Māori participation in the PSA

an overview

Formal participation of Māori in the PSA began in the 1980s when Māori public servants began to express concerns the absence of Māori perspectives in the public service and lack of Māori participation and involvement in union affairs.

In 1984, the PSA embarked on a process of change to address these issues. A national hui of Māori trade unionists organised by the Federation of Labour’s Māori Trade Union Committee and Combined State Unions was held in Rotorua in 1986.  
This was followed by series of PSA hui throughout the country where discussions focused upon how to reflect the needs of Māori PSA members and enable them to have a full voice within the PSA.
In 1986, an Interim Māori Policy Committee was formed to consider how to address the issues raised by Māori PSA members and develop a structure that would provide for Māori participation in the affairs of the union.
In a historic vote and by overwhelming majority, the 1987 PSA conference decided to establish a structure which would allow greater representation for Māori members.  By August 1988, the Ngā Toa Āwhina Rūnanga became a recognised entity within the PSA.
In 1993 the PSA elected its first Māori President Huki Nepia, followed by Na Raihania in 1997. Na was one of five Māori on the seven-member PSA executive that year.
In 2003 the PSA Executive Board asked the Rūnanga to provide a Māori name for the PSA. After much discussion the Rūnanga decided on “Te Pūkenga Here Tikanga Mahi”. Not a simple translation of the Public Service Association, it seeks to capture the essence of the organisation. The key word is pūkenga, which refers to the skills of all the people in the PSA. Tikanga is the correct way of doing things and mahi means work. Put together they convey the idea of skilled people coming together to create good conditions and ways of working.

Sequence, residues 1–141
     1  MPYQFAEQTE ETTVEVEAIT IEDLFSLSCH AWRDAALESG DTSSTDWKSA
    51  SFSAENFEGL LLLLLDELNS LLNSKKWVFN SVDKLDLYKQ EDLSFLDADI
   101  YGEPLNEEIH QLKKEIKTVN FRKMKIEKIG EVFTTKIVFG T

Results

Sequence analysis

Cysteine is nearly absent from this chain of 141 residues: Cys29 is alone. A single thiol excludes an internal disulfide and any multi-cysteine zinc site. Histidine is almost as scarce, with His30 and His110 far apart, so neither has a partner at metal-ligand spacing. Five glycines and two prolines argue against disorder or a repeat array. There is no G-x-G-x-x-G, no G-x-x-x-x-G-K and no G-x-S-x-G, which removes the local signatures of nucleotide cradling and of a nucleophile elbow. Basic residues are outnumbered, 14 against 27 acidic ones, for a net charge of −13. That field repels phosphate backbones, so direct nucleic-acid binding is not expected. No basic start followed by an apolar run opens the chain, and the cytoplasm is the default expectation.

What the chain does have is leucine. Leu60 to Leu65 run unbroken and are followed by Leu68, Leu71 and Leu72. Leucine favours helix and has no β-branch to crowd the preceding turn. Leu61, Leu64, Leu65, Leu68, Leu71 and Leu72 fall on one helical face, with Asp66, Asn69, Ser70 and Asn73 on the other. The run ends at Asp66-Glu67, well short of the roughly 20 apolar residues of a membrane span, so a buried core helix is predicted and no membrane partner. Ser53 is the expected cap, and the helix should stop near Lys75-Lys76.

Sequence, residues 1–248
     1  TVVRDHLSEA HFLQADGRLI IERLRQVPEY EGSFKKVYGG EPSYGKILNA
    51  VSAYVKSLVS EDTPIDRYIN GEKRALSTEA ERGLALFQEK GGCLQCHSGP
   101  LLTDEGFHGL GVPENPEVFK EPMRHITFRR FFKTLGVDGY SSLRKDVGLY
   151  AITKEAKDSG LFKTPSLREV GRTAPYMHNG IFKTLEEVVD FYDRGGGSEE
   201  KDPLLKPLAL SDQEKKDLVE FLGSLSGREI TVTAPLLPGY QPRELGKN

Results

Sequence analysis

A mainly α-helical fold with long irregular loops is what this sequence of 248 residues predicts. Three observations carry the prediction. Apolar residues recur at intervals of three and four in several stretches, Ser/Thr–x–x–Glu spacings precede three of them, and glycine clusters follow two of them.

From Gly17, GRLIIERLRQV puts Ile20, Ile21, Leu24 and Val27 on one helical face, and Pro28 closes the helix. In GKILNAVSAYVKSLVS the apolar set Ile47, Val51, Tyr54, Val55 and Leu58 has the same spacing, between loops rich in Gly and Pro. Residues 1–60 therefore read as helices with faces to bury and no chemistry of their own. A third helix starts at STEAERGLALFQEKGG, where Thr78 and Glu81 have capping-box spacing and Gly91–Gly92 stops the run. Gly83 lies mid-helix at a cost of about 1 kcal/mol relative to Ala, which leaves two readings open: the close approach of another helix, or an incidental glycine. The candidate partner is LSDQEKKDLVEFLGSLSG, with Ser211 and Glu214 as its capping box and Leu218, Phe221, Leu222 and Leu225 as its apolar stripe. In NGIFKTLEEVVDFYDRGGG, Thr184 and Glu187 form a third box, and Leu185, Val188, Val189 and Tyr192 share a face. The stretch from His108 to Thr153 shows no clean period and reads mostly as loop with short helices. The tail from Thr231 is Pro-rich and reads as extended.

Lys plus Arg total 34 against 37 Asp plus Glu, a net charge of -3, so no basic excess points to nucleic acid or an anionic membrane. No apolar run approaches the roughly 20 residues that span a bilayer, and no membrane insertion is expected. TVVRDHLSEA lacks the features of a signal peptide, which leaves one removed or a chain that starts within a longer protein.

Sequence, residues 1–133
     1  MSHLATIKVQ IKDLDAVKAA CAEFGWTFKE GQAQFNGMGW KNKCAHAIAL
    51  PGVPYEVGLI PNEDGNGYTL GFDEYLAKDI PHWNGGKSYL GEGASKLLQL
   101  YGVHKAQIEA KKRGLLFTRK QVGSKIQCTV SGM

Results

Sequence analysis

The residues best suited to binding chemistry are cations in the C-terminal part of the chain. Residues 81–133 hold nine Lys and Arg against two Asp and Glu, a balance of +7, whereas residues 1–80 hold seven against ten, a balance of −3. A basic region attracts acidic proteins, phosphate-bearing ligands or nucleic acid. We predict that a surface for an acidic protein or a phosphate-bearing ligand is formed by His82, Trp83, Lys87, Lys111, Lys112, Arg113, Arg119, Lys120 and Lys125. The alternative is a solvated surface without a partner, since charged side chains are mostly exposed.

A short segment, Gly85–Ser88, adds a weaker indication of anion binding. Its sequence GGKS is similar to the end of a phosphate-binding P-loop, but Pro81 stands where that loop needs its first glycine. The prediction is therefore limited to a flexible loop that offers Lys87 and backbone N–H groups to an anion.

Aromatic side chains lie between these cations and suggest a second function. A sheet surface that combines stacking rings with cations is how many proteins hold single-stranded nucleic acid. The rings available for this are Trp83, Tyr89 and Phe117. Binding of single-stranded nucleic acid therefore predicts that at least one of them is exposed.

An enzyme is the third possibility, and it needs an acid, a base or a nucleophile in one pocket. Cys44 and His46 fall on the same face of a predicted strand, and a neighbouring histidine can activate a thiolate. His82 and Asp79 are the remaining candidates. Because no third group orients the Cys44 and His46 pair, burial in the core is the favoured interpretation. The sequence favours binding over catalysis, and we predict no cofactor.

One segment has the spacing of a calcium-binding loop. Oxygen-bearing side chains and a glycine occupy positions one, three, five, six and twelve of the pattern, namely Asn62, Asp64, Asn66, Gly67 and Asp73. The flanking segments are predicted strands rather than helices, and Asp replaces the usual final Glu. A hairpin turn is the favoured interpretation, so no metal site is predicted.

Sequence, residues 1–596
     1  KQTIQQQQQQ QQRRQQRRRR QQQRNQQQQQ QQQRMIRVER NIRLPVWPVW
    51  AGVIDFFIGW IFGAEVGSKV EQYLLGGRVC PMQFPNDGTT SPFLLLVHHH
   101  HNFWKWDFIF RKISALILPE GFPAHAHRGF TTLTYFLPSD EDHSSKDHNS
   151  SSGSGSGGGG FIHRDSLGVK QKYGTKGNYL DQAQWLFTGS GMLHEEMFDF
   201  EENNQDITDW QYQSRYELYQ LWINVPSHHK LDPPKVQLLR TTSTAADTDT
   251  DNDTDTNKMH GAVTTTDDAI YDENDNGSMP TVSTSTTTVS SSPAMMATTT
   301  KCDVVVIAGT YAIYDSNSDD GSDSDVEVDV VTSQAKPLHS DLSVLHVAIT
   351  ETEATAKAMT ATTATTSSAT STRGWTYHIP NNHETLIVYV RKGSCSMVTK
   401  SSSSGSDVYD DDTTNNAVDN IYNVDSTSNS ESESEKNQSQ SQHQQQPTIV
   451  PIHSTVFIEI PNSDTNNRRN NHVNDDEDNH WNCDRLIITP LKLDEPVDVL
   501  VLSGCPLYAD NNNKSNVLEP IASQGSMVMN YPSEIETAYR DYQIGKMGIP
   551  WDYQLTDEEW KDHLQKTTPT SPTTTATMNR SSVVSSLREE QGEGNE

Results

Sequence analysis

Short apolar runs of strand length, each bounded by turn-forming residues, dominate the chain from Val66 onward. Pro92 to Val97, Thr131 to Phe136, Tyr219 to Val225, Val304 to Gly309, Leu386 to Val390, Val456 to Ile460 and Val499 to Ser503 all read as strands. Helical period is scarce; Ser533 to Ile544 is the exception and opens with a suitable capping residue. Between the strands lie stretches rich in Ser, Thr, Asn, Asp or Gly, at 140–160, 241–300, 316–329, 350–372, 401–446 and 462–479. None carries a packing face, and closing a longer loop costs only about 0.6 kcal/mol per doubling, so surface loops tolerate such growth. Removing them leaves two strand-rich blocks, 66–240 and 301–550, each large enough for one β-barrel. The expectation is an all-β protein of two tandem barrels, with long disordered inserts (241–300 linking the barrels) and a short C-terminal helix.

At the PSA Congress in 2004 the Ngā Toa Āwhina Rūnanga was officially renamed as: Te Rūnanga o Ngā Toa Āwhina.


Today Māori enjoy full participation in the affairs of the union. Te Rūnanga o Ngā Toa Āwhina provides representation and coordinates Māori members within the structures of the PSA. The Committee of Te Rūnanga is charged with the governance of Te Rūnanga o Ngā Toa Āwhina. It acts as an advisor to the Executive Board and makes recommendations on strategic and policy issues and has an oversight of the union’s operational activities and relevant industrial activities for Māori.


In addition, PSA Rules allow for the election of a Māori enterprise delegate by Māori members in an agency or organisation where the PSA has members. The Māori enterprise delegate acts as a point of connection within the wider structures of Te Rūnanga o Ngā Toa Āwhina and the PSA, and is a member of their organisation’s  delegates’ committee.  

In 2006 Bicultural Unionism, a PSA delegate development course, was developed by Te Rūnanga o Ngā Toa Āwhina, PSA Māori staff and the delegate development team.

The PSA Te Pūkenga Here Tikanga Mahi has also recognised the roles of Kuia and Kaumatua. Kuia and Kaumatua have extensive experience in tikanga Māori and tikanga union and provide advice and counsel to the PSA leadership and Te Rūnanga o Ngā Toa Āwhina.  Te Rūnanga o Ngā Toa Āwhina identify Kuia and Kaumatua for this role and it is formally recognised in the PSA Rules.  

Comments (1)

  1. Posted by lesley dixon, 06/12/2013 1:06pm (6 years ago)

    Its good to be a part of something thatadvocates for maori rights

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